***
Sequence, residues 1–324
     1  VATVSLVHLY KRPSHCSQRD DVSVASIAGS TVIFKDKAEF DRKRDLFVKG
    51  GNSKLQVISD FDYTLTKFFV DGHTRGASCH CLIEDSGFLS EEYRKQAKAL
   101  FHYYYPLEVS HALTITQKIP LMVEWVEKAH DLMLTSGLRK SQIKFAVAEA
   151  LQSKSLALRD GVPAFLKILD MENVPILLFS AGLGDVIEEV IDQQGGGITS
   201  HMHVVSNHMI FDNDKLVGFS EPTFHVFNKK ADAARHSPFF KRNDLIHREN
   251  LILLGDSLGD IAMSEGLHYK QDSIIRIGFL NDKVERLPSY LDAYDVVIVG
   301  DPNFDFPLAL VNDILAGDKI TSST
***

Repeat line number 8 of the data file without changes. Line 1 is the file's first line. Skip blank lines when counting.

   301  DPNFDFPLAL VNDILAGDKI TSST